It’s Sacks, bagels and rock ‘n roll

The Jewish Chronicle - - News - BY SI­MON ROCKER

IN THE same Lon­don stu­dio in which the cream of Bri­tish pop urged us to feed the world for Band Aid 24 years ago, a new an­them was be­ing pre­pared this week.

But in­stead of Bob Geldof, Ge­orge Michael and Sting, cue a trio of chaz­ans, the men of the Shab­ba­ton Choir, a cou­ple of dozen pupils from the Mo­riah Jewish Day School from Har­row and Chief Rabbi Sir Jonathan Sacks.

For an An­glo-Jewish gath­er­ing, the stu­dios of lead­ing pro­ducer Trevor Horn in bo­hemian Lad­broke Grove may have been off the beaten track.

But they were there to record a pro­mo­tional video — des­tined for YouTube — for the Chief Rabbi’s re­cently re­leased dou­ble-CD, Home of Hope, in cel­e­bra­tion of Is­rael’s 60th birth­day.

Al­ready 200,000 copies of the CD set have been dis­trib­uted here, in Is­rael and the United States, a kind of au­dio hag­gadah which in­ter­leaves the Chief Rabbi’s telling of the story of Is­rael with a wide range of mu­sic.

Mr Horn him­self pro­duced three of the tracks, ded­i­cat­ing them to his Jewish wife Jill Sin­clair who has been in a coma for two years af­ter an ac­ci­dent. “My wife was very pas­sion­ate about Is­rael,” he said. “I’ve been there with her when she was scream­ing at peo­ple in restau­rants.”

On Wed­nes­day, the pro­ducer — an avun­cu­lar fig­ure in blue sweater and jeans — was lend­ing all his ex­per­tise to a two-minute new ver­sion of Oseh Sha- lom, “He Who Makes Peace”, by Shab­ba­ton’s di­rec­tor Stephen Levey.

“I’m quite a fan of the Chief Rabbi,” Mr Horn said. “He’s a re­ally cool guy.”

By evening, the cool guy had ap­peared at the stu­dio and even­tu­ally shed his jacket and loos­ened his tie as he joined the band of cho­ris­ters rock- ing from side to side. “We want you to link arms, do the sway­ing, and lots of move­ment,” urged video di­rec­tor Adam Co­hen, a swirl of arms like King Louis from The Jun­gle Book.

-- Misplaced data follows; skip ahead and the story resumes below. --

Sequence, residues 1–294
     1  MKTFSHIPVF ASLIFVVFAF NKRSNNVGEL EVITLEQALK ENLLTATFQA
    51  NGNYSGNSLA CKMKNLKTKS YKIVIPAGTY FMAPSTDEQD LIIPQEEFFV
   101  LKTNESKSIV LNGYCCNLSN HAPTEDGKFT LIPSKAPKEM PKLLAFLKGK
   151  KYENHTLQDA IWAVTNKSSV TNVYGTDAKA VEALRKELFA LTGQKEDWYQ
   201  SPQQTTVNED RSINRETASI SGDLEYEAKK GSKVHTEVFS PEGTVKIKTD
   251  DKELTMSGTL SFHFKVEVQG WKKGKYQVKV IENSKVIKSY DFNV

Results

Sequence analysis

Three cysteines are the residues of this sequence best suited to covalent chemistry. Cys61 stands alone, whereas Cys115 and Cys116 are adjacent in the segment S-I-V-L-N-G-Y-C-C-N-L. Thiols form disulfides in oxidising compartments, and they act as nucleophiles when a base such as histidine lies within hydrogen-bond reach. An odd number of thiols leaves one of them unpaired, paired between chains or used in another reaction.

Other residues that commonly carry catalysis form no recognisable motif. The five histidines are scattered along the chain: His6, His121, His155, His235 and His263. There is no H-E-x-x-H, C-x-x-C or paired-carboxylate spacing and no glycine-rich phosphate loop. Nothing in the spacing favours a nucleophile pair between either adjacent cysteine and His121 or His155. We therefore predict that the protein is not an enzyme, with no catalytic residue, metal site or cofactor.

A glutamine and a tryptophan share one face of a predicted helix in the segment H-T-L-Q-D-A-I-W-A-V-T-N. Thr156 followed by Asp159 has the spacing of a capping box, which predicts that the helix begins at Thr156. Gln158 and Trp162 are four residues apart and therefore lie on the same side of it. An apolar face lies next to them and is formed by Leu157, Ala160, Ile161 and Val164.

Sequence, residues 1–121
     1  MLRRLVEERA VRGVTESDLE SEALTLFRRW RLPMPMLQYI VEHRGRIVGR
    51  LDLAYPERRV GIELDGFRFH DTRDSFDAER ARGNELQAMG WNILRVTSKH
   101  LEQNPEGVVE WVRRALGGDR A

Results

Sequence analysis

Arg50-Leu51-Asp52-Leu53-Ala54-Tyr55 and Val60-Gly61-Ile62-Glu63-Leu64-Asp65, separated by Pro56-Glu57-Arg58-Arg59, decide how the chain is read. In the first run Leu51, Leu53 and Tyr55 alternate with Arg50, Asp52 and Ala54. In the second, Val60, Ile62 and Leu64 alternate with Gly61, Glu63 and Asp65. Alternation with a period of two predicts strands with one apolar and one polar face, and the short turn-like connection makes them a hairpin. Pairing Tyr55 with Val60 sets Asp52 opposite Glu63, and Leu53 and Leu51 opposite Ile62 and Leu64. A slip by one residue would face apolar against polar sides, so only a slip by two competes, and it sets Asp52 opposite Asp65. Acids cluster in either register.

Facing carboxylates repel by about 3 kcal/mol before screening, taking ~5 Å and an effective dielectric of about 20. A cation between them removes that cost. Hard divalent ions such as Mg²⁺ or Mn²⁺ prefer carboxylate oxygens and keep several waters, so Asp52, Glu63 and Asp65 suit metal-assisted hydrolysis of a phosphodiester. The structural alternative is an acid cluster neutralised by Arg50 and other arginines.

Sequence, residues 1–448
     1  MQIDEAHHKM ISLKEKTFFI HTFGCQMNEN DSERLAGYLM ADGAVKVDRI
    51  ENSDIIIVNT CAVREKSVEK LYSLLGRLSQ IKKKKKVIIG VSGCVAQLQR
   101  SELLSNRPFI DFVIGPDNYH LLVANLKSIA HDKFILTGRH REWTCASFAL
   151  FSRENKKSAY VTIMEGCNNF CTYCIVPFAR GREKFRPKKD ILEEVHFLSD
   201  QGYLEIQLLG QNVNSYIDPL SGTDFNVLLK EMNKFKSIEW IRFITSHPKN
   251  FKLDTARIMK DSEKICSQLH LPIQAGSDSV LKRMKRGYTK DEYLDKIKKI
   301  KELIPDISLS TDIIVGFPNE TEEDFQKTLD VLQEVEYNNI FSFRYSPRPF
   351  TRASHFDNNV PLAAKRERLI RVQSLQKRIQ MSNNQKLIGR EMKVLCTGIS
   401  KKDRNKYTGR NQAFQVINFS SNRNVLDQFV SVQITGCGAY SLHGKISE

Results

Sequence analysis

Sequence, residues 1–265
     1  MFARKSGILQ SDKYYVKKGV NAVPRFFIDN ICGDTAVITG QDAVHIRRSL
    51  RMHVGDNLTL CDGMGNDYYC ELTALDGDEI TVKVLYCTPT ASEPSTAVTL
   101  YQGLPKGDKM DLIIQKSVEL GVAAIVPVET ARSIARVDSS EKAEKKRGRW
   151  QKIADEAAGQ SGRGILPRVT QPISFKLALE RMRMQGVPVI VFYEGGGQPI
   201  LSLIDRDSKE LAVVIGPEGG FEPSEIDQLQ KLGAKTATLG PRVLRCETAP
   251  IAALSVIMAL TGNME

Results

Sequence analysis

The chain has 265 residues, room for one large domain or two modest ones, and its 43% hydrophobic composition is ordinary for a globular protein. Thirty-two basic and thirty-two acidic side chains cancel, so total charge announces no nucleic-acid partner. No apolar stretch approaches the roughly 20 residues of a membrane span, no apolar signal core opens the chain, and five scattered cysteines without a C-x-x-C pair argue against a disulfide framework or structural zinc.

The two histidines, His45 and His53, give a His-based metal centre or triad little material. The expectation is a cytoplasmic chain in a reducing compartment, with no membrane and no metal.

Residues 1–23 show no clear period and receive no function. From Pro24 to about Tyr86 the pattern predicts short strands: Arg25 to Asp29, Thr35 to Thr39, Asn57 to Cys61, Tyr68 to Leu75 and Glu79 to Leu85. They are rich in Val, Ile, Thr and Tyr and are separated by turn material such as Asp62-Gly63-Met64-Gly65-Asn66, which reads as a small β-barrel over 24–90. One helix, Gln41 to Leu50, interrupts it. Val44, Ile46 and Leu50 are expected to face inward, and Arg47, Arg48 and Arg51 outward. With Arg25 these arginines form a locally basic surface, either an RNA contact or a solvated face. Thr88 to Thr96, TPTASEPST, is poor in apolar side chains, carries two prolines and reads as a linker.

The back­ing track had al­ready been laid down by ex­pe­ri­enced ses­sion mu­si­cians, with Mr Horn on bass.

In the af­ter­noon, the soloists, chaz­ans Jonny Turgel, Rabbi Lionel Rosen­feld and Shi­mon Craimer, recorded their vo­cals. Mr Craimer had flown in es­pe­cially from New York, just as had Boy Ge­orge for that orig­i­nal Band Aid sin­gle, Do They Know It’s Christ­mas?

“Some­body give Lionel a big pair of dark glasses,” Mr Horn sug­gested, “That’s what he needs.”

Next came the Mo­riah kids, who had gone through two au­di­tions at school to make the cut and clearly im­pressed their host. “I’ve done ama­teur choirs be­fore,” Mr Horn said. “Nor­mally, you get two or three takes of ab­ject chaos. But the kids were right on.”

The Chief Rabbi had been in­spired to make the video on the re­cent Shab­ba­ton Choir tour of Is­rael, when he had heard au­di­ences join­ing in the ren­di­tion of Oseh Shalom.

“Guys, I just want to thank you,” Sir Jonathan Sacks told a crowded stu­dio, in­clud­ing some of the project’s back­ers, such as Lord Ja­cobs and Richard and Linda Lof­tus.

By 7.30, the Shab­ba­ton Choir were on cue, hav­ing waited in the wings amid bot­tles of sweet kosher wine and plat­ters of bagels. Feed the world, per­haps not, but cer­tainly feed the Jews.


Gimme that old time re­li­gion: the Chief Rabbi and the Shab­ba­ton and Mo­riah choirs

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